Writing forces you to look outside your own comfortable perceptions, sometimes it shatters your view of things. Getting stuck into sorting out the mess, inventing new worlds, peopling them, or exploring some deep, barely tangible emotion: how could that ever be boring?
Deborah :What do you see as the future for genre fiction?
Robert : I’m sure it will be a fascinating and fecund one. Just when you think the genres are becoming stale and derivative, something weird and wonderful crops up, no matter how frustratingly conservative the publishers seem to become. Take House of Leaves, for example. Or the recent works of China Mieville. Or Mary Gentle’s Ash. For a while I thought I’d never again feel the sort of wonder I used to feel in response to an SF novel. Then I read Vernor Vinge’s A Deepness in the Sky, and Sean William and Shane Dix’s Echoes of Earth. From somewhere comes something as barely categorisable as Jack Dann’s Memory Cathedral. Or a new collection of horror stories from Terry Dowling.
And there are writers out there who are taking the genres to places they’ve never been before, with a literary brilliance and inventiveness that is stunning — writers like Ted Chiang and Kelly Link. No, genre fiction seems to me to go up and down in terms of popularity, but what the genres offer is too important to be lost and the talent keeps coming.
One of these days even the masses will tire of brick-sized, formulaic, under-developed bestsellers, and will start to look elsewhere — and the other, non-fantasy genres will get a much-needed boost.
(Not that I mean to insult the currently popular high-fantasy genre as such. But I am amazed that, along with some very excellent work, there is a slew of puzzling bestsellers in the genre that are badly written and unimaginative — and given how hard it is to sell anything to a publisher these days, you do wonder why they were even considered and how they managed to sell well once they were published. Ah, the foibles of the market!)
Deborah : And what about the future for Robert Hood, what does that hold?
Robert : Who knows? Our intentions are apt to get bent and twisted in unpredictable ways. But certainly I intend to keep writing. I intend to keep writing short stories, especially in the horror-fantasy genre, though I’ve been dabbling in more science fiction as such lately. I’m currently writing a fantasy novel — an ‘otherworld’ fantasy with a fair bit of horror in it — and am still hoping that an already-written, oft-rejected fantasy novel (brick-sized) that is still doing the rounds will eventually find a home.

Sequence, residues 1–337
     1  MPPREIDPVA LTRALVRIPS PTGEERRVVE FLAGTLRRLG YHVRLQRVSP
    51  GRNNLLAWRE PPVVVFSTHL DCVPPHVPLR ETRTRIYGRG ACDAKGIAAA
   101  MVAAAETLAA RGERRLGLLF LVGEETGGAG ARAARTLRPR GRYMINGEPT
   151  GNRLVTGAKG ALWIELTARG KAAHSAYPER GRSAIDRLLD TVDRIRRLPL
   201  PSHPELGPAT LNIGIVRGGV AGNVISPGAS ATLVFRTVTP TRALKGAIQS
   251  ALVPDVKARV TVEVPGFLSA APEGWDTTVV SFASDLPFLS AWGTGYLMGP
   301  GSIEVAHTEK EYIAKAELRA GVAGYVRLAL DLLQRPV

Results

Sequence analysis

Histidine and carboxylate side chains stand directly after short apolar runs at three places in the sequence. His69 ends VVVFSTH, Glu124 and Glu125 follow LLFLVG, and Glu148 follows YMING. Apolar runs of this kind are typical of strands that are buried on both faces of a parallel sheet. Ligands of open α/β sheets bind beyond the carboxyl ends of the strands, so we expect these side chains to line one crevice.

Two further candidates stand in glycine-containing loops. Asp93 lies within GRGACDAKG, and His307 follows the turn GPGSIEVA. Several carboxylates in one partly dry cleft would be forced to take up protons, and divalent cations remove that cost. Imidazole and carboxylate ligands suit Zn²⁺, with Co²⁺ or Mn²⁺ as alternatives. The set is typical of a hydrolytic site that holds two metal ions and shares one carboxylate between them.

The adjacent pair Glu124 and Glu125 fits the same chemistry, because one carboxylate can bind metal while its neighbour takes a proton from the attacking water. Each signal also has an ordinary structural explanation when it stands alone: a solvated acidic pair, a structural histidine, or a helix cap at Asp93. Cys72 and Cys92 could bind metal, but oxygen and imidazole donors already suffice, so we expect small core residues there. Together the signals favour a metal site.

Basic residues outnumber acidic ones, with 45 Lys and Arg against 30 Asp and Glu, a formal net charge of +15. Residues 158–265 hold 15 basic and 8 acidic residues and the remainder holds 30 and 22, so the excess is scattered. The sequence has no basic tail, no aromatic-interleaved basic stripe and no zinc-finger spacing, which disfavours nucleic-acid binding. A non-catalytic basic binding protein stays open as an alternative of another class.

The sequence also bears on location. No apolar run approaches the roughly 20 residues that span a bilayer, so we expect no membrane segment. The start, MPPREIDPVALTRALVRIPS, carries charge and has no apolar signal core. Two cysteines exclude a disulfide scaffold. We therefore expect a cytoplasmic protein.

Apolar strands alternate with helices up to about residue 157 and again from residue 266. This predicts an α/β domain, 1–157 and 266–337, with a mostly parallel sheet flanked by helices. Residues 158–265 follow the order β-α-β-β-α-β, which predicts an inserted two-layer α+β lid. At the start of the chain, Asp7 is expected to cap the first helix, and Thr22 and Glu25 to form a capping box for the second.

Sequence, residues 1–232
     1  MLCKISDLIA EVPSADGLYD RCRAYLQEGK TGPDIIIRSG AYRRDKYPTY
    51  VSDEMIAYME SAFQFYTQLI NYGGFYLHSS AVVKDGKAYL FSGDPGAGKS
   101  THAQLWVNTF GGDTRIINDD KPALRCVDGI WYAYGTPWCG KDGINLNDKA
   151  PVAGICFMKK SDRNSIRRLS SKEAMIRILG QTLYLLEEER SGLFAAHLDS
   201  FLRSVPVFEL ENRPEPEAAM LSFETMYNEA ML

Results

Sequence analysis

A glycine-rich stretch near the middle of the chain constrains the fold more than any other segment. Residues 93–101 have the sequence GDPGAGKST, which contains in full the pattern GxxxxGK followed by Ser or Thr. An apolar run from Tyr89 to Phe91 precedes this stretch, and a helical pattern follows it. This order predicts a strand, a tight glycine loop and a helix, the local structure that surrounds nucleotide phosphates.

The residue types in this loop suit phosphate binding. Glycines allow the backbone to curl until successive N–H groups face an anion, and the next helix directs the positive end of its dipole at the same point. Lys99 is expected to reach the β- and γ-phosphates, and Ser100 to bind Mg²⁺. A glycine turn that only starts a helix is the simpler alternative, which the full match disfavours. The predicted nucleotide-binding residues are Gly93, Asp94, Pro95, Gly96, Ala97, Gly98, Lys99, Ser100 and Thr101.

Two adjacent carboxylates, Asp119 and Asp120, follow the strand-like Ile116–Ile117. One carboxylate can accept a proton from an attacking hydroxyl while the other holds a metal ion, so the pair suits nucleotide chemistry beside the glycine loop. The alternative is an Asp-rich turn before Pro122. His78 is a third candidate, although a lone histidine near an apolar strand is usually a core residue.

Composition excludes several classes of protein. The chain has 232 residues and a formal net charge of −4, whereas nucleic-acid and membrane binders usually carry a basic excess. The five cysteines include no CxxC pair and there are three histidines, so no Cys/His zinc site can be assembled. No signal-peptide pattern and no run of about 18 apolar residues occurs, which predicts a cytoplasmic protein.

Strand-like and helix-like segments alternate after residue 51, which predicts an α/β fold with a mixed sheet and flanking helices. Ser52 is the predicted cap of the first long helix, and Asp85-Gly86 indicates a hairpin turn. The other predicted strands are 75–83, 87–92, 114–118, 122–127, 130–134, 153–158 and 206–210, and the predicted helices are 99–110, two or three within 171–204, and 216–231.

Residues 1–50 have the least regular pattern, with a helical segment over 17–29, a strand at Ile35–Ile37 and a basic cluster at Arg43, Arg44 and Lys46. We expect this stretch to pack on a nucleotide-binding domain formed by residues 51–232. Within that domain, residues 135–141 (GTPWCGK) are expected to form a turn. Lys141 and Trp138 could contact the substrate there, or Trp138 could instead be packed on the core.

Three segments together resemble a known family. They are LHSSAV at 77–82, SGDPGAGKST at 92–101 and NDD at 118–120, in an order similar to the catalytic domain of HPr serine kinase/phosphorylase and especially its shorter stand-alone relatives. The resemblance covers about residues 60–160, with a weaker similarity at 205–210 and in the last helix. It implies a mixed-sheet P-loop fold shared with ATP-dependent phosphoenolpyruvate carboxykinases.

I’ve also nearly finished a straight-out horror novel — Dead Matter — which has one of my favourite obsessions in it, zombies. And I am intending to co-edit (with Robin Pen) a collection of giant monster stories, which will be published (all things being equal) in 2005.
Meanwhile anyone who wants to read some new stories from me should look to upcoming issues of Aurealis, Redsine, Dark Animus and Andromeda Spaceways Inflight Magazine, and in the anthologies Ideomancer Unbound, Agog! Terrific Tales and Consensual 2. A kid’s horror novella, Hard Rock Rodney, is also due out from Pearson’s Education.
Robert Hood has produced a large number of SF/F, horror and indeterminate-genre stories for a large number of magazines and anthologies over a large number of years. His most recent longer works were a series of four supernatural thrillers, Shades and a collection of ghost stories, Immaterial (published by MirrorDanse Books).
The Deus Ex Machina. Cheapest gag in the book. Bane of first year writing tutor. Great big fat neon glowing tattoo on the forehead of the beginner writer screaming “amateur, amateur” for all to see. But. What if? What if the God in the Machine was really a God? And what if the god in the machine that was really a God was really a human? And what if…or perhaps I should just leave it there.
It’s just one of the games David Brin plays with his readers in this book. He endlessly flirts with ideas and narrative devices that would elicit a groan from hidebound writing tutors, yet just as endlessly presents them with such verve and ingenuity that the reader can’t help but be swept along by the sheer force of inventiveness he exhibits. The central conceit of the novel, that humans can imprint their consciousness upon clay ‘dittos’ who then perform tasks for their human original, allows him to use a number of stylistic tricks, and Brin makes full use of his extensive repertoire. Multiple points of view, differing tenses and time frames, a subtle distortion of narrative voice, all are employed to keep the complex and convoluted plot bubbling along at breakneck speed.
And it really is very easy to let yourself be swept up by the constant switching of viewpoint. Brin’s use of his central narrator and three ‘ditto’ copies, each with a subtly different take on their circumstances and at times wildly disparate agenda, allows him to circumvent the greatest problem writers face when using a first person point of view, namely that the action can only follow the ‘eyes’ of the narrator. In this case Brin’s characters can quite literally be everywhere at once, and as human converses with human, and ditto converses with ditto with human with not-sure-one-way-or-the-other, the complexity of the social interactions become as hypnotic and fascinating as the central plot, namely a murder mystery that may not be a murder, unless killing a ditto can be counted murder assuming of course it was a ditto and not a human and…well, you see where a simple reviewer could get confused….